Zac Attack: It's Goldsmith versus Khan and it's getting nasty
A politician has once again brushed over the principles of the rule of law, but the Zac Attack goes further than harming just Khan, writes John van der Luit-Drummond
Are you a lawyer who has defended criminals, given human rights advice, and has aspirations of a career in politics? Well, don't bother, says Zac Goldsmith MP, the public doesn't need your sort in elected office.
This week, the Conservative party's candidate for London mayor launched a blistering attack on his opponent, Sadiq Khan MP. Among the former shadow justice secretary's alleged crimes were a history of defending 'extremists' while a practising human rights lawyer and his campaign against the US extradition of Babar Ahmad, a constituent of the Labour politician who has since been convicted of terrorism-related offences.
Khan has never hidden his past as a human rights lawyer. The MP for Tooting told the Jewish News earlier this year:?'Unfortunately, I had to speak on behalf of some unsavoury individuals. Some of their views made me feel deeply uncomfortable, but it was my job. Even the worst people deserve a legal defence.'
However, speaking at the Institute of Directors in Pall Mall as part of City AM's mayoral debate, Goldsmith argued that his rival wasn't fit to become the capital's next mayor because he had once coached people in 'how to sue the police'. The allegation again relates to Khan's pre-political career, and his authorship of a guide on how to use the Human Rights Act to take legal action against incidences of racism.
In a chapter entitled 'Actions Against The Police' from the little-known guide, Challenging Racism: Using the Human Rights Act, Khan is said to have advised potential claimants to accuse police officers of behaving in a 'high-handed' manner, to 'think laterally in looking for human rights issues', and to ask unions to 'consider paying the legal costs of bringing a case'. Look at that, a legal expert providing guidance on an important piece of legislation and analysis on how to use it. Anyone see a crime here?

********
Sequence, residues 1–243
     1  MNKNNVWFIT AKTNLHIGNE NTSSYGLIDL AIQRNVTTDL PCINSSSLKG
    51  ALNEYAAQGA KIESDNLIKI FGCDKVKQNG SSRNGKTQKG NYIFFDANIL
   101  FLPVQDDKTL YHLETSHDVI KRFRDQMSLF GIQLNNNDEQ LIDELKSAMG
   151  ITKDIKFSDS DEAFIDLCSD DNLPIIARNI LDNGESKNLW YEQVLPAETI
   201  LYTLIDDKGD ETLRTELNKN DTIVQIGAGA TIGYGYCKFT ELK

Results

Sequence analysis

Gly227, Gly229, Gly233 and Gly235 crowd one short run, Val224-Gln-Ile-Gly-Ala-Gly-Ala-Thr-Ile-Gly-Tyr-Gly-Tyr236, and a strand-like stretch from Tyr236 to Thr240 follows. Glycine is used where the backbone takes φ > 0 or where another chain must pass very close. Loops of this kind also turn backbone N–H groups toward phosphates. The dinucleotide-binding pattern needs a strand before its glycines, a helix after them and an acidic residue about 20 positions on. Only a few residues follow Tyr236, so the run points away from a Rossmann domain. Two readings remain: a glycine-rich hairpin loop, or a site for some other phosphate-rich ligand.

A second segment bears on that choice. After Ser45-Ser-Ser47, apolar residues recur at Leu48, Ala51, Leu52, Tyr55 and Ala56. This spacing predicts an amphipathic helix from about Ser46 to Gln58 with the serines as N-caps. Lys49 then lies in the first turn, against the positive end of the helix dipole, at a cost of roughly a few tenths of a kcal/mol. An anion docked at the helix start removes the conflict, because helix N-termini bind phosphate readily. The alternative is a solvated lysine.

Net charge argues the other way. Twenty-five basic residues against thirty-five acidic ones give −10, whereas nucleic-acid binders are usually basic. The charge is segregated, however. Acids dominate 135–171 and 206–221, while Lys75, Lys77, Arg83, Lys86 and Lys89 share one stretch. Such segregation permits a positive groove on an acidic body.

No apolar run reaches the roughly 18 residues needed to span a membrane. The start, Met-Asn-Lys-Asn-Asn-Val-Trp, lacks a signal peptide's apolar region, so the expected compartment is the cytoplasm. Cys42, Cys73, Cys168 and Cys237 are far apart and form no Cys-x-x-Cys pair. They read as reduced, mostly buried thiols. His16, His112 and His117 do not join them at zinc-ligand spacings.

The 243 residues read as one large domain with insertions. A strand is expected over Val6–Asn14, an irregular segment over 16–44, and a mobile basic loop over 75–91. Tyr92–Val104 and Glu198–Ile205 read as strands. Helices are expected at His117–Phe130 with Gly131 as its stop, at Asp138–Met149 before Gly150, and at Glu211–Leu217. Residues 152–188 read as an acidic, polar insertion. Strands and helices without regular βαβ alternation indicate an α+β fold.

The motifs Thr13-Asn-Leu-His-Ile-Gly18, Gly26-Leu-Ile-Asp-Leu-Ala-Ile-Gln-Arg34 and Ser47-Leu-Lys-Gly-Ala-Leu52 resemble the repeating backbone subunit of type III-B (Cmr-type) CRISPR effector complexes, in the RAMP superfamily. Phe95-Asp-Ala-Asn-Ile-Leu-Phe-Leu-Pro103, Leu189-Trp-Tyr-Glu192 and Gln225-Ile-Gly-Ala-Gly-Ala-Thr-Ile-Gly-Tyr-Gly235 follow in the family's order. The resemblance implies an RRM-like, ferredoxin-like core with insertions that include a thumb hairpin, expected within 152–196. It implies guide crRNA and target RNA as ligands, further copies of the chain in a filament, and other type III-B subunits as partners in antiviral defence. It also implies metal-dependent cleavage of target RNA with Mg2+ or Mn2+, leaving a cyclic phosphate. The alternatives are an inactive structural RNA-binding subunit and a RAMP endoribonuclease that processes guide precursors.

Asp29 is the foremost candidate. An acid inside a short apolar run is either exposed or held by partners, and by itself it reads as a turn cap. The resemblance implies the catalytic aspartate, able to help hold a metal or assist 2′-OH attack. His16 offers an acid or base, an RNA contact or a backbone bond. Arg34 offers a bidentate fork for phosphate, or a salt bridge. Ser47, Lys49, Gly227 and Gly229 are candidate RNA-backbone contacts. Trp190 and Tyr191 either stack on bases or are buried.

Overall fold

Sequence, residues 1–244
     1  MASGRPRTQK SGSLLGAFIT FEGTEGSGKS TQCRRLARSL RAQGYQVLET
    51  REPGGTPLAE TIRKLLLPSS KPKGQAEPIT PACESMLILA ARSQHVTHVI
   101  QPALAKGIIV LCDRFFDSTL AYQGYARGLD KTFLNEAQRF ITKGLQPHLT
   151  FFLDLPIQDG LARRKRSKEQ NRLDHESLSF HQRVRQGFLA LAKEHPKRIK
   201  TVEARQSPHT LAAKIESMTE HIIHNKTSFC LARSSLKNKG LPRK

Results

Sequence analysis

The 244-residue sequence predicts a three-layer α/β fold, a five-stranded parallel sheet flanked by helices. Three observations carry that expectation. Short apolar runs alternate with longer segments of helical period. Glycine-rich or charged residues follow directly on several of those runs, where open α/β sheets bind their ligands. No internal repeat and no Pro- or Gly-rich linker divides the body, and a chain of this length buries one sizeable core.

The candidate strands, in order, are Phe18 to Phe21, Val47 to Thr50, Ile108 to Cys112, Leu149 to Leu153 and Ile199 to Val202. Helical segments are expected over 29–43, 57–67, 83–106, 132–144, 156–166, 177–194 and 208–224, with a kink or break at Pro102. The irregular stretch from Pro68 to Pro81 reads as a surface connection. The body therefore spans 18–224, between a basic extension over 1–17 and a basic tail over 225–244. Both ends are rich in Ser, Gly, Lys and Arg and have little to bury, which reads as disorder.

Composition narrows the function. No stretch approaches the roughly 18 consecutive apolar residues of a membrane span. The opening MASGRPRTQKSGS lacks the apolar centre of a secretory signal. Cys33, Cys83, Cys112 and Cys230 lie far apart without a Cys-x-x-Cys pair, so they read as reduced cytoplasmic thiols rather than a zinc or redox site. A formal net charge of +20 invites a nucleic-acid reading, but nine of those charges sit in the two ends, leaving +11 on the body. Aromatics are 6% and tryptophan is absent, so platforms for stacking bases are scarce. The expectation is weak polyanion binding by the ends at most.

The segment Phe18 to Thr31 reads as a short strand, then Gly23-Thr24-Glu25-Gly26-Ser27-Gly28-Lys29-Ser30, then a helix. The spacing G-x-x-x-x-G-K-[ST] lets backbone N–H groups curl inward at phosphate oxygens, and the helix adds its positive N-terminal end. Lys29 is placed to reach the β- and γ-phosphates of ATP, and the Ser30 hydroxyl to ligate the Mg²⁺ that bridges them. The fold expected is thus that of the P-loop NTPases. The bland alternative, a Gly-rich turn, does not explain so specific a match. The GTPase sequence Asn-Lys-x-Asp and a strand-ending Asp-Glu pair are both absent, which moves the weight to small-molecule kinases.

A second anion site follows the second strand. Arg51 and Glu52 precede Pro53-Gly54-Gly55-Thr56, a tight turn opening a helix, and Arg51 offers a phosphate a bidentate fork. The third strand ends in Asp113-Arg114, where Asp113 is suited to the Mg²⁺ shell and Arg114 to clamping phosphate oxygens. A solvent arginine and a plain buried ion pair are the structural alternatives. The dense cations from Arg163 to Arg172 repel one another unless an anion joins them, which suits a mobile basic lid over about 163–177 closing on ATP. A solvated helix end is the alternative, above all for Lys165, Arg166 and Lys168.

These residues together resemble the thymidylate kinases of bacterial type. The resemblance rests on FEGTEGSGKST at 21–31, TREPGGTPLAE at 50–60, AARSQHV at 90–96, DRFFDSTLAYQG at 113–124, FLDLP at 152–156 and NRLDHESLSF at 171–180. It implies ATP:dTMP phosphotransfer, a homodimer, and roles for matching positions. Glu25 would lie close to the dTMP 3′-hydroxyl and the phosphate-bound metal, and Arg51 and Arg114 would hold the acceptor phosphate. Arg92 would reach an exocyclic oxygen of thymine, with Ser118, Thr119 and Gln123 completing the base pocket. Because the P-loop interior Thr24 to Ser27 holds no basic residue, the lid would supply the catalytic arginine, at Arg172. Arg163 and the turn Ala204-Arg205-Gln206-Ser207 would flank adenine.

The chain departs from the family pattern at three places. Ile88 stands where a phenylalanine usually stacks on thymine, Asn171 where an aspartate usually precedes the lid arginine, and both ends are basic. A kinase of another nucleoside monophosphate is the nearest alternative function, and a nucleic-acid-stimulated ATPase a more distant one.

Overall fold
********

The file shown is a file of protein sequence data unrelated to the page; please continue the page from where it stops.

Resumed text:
Challenging Racism also includes chapters from authors such as Sir Geoffrey Bindman QC, founder of Bindmans; Barbara Cohen, past head of legal policy at the Commission for Racial Equality for Great Britain; Razia Karim, once a senior lawyer at the Equality and Human Rights Commission; and is edited by Barry Clarke, an employment and immigration judge and a former partner at Russell Jones & Walker. What a hotbed of anti-establishmentarianism.
It is easy to dismiss this latest wars of words between the mayoral candidates as just modern-day politics, where the best dog-whistle issue wins. Yet the snarking over who a lawyer is entitled to represent, and what advice they may give in a professional context, continues in the Tories' ongoing ugly attacks against human rights practitioners. Some within the party must not believe in representation for all. Moreover, those that provide legal counsel must be no better than terrorist sympathisers or enablers of fraud. It is almost as if the presumption of innocence and a right to compensation are but myths.
It would be interesting to know if Goldsmith believes that all lawyers should be precluded from political life. After all, what has Khan done that practically every other practitioner, regardless of specialism, has not? Even corporate lawyers have been known to give advice and represent people of questionable motives and ethics. There is this thing called the Panama Papers. Perhaps the MP for Richmond should download a copy.